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There’s no one right way to be a woman. That sentiment is especially true in Disney's latest film, Raya and the Last Dragon. The long-awaited animated movie, featuring a stellar cast of A-list actors — including Kelly Marie Tran, Awkwafina, Gemma Chan, Daniel Dae Kim, Sandra Oh, Benedict Wong, and Alan Tudyk to name just a few — stars Tran as Raya, a warrior and adventurer out to restore life to the magical world of Kumandra.
**SPOILER WARNING: This story contains mild spoilers for Raya and the Last Dragon.**
“There were a lot of conversations in the beginning about wanting to make sure that this was a character that we had never seen before,” Tran told SYFY WIRE at a virtual press junket ahead of the film’s March 5 premiere. The goal, she explains, was partially to challenge what audiences’ understanding of a “princess” and a “hero” could be. She is not just one thing: Raya is a girl, a woman, a princess, a warrior, a hero, a daughter, a friend, and much more.
“This is a very different type of hero, a very different type of princess,” Tran assures.
Many of Disney's recent offerings have shown characters unhindered by characteristics such as gender, race, or sexuality. Young women can be rulers (Frozen, Tangled), adventurers (Moana, Tangled, Zootopia), and business owners (The Princess and the Frog). Often, though, these films feature few female characters, rarely play with set archetypes to give realistic depth, and almost always feature a love interest.
The same can’t be said for Raya and the Last Dragon’s female characters.
Raya isn’t the only different type of hero, either — or even the only different type of princess in the film. Whereas Raya, future ruler of the Kumandran land of Heart, is our hero, Chan’s Namaari, future ruler of the Fang land, is the villain. They weren’t always like that, though.
As children at the top of the film, Raya and Namaari strike up a friendship when they bond over their shared love of the now-extinct dragons that once soared over Kumandra.
“Who hasn’t had that teenage thing where you’re talking about that obscure band you both like and that’s enough, you’re friends forever off that?” producer Osnat Shurer told SYFY WIRE. The girls come from wildly different worlds and have wildly different parents, but that doesn’t mean they can’t find common ground.
Without getting into spoilers, Namaari and Raya’s relationship develops into adulthood, though it features a significantly different bite. A deep animosity grows between the women, and soon enough, they’re full-fledged enemies. Even with Namaari filling the “villain” role, though, there’s nothing one-note about her experiences, choices, or feelings.
“Namaari started out as much more your straight-forward villain,” co-writer Qui Nguyen explains. “But we were constantly being challenged: How do we make it deeper? How do we make Raya and Namaari’s relationship speak to the bigger story we’re trying to tell? That’s why we gave them this complex history. And it speaks to the other side of a lot of complex female relationships: someone you [once] shared a love with, a history with. They’re both raised to be these leaders, and now view each other as enemies.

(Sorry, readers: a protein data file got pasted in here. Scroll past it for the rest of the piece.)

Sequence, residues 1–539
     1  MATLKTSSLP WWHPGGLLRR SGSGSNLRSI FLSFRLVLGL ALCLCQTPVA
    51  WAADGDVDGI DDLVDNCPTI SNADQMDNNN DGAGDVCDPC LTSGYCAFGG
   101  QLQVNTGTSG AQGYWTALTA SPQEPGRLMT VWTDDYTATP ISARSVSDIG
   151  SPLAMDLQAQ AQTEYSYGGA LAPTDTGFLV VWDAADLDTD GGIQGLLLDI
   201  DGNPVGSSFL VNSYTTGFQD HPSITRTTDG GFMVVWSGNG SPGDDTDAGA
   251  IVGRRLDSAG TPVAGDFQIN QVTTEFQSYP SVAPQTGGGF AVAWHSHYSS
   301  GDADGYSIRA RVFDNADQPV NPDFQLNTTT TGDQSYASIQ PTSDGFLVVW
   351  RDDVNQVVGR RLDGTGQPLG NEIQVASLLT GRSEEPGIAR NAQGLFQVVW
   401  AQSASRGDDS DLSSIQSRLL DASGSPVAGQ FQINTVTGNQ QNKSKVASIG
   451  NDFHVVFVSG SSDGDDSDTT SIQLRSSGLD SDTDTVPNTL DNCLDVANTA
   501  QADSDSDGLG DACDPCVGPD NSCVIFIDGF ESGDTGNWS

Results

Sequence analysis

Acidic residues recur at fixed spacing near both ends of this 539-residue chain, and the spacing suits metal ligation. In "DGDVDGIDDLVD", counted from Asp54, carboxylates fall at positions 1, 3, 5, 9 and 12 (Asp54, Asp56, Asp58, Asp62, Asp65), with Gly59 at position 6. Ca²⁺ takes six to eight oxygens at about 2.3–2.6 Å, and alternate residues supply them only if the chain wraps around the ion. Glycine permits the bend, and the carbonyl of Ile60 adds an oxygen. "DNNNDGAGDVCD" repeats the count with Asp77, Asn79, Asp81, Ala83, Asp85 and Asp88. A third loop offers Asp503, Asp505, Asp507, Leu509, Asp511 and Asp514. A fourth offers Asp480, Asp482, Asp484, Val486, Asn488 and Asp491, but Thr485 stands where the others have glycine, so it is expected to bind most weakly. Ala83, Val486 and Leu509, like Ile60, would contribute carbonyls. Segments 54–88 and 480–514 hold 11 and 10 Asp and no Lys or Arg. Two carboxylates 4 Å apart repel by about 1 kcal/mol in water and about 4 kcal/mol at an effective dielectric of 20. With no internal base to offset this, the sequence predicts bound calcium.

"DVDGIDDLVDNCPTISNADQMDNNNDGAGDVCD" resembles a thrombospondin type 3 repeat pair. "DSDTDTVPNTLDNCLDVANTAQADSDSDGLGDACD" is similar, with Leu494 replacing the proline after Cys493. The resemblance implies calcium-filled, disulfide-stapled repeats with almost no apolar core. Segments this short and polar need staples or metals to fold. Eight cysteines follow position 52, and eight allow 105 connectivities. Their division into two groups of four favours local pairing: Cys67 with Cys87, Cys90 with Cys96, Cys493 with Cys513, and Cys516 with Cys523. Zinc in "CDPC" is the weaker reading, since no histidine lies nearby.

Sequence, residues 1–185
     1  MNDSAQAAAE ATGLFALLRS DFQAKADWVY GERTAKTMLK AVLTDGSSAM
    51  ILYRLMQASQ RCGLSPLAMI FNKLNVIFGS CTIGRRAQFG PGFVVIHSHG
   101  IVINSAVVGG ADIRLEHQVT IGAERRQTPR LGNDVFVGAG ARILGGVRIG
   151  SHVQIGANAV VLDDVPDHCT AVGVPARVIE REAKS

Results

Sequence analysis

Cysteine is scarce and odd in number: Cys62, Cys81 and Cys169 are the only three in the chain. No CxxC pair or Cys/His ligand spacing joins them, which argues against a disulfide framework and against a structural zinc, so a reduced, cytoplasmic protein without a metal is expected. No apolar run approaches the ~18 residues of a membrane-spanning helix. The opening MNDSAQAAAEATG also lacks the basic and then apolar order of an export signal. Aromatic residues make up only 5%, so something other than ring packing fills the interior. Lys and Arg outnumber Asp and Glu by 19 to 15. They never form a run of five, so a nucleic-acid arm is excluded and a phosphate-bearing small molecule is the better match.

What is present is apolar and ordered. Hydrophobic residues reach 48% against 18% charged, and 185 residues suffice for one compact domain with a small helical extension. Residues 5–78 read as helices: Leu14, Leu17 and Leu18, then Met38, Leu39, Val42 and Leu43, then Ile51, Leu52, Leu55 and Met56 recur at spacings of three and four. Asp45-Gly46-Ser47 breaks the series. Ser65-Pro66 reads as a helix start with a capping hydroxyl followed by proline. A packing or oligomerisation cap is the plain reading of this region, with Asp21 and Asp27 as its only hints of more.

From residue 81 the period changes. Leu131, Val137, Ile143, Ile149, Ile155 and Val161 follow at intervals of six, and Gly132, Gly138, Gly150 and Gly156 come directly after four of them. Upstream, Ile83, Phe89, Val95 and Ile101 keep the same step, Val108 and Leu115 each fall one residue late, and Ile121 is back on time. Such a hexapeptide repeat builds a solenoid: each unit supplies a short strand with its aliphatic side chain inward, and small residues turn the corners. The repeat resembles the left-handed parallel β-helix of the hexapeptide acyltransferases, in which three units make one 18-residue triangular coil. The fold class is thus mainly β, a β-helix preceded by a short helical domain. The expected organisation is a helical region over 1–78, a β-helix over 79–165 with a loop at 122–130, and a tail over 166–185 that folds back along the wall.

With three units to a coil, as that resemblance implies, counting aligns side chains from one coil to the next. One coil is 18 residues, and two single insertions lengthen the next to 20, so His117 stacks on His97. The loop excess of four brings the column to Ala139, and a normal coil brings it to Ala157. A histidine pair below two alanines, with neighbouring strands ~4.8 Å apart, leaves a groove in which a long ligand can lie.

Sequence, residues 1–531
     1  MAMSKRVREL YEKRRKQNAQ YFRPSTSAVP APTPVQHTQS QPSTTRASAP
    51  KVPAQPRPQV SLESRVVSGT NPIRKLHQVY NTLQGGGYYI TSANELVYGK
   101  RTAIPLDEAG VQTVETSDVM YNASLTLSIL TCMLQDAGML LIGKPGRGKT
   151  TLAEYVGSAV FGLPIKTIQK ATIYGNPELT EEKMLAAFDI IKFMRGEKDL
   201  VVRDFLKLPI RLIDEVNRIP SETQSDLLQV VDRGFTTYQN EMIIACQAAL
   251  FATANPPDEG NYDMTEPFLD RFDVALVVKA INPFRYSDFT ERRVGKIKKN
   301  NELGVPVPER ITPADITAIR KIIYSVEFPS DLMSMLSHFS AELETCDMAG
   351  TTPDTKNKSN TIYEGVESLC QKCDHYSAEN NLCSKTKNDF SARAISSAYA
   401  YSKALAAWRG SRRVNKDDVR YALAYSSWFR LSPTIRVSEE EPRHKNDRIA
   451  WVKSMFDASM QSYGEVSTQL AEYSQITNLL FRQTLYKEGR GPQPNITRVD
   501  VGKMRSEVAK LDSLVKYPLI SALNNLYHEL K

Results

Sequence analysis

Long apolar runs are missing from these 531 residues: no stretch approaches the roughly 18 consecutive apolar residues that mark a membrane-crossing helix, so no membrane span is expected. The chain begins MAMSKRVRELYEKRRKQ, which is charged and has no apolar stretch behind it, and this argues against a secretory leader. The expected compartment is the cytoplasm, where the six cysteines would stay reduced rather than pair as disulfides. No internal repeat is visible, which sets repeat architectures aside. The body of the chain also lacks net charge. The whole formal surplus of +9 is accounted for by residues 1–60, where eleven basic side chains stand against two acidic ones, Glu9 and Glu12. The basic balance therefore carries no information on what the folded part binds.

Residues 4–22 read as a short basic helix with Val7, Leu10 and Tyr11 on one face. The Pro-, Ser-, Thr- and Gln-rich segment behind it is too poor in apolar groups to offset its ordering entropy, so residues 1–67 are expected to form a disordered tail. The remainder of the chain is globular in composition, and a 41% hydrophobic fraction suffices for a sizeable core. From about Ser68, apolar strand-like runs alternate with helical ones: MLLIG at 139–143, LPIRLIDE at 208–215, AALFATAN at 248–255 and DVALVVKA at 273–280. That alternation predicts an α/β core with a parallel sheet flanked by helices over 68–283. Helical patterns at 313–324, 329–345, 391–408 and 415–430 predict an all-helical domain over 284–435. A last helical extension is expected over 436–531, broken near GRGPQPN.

“But they’re also kind of intrigued and drawn to each other,” she teases.
Another female character Raya is inevitably drawn to? Awkwafina’s Sisu, the titular “Lost Dragon.” While fighting to bring her broken world together, Raya accidentally summons Sisu back to life. As a self-titled dragon fangirl, Raya believes Sisu can save humanity like the dragon and her siblings did 500 years ago.
Sisu, though, is a bit different than what Raya expected. No noble, ultra-powerful creatures here. Sisu is a wise-cracker, the middle sibling of her dragon family, and, as she describes it, the kid who didn’t help with the school project but had no problem taking credit. Underneath the jokes and dragon powers, though, is a kind heart and a trust in and love for humanity that Raya has long been lacking.
While Raya, Namaari, and Sisu are not the only characters or even the only female characters in the film, they represent a spectrum. In their own ways, each of these characters is tough, driven, emotional, loyal, broken, and striving for connection. They are the heroes of their own stories and leaders in their own right. And their relationships are the heart of the story and the key to saving the world.
“The more we were able to dig into it, the more we were able to kind of look at each other and go, ‘Wow, there’s really not a lot of reference for this,’” Shurer says of these kinds of female friendships in film. “But we have strong friends and we come from long lines of strong women and we’re getting to see ourselves on the screen as well and that was a big part of it. Just look at it from your own life.”
“At no point in the movie is the fact that they are women held against them or seen as an obstacle that needed to be overcome,” Nguyen emphasizes. “They are free, fully fleshed-out characters. They have their own journeys, their own personal arcs, their own missions to accomplish, and it has nothing to do with the fact that they are women. Our characters are female. That’s part of their identity, but it is not their soul, defining trait.”
Raya and the Last Dragon opens in theaters and on Disney+ with premier access this Friday, March 5.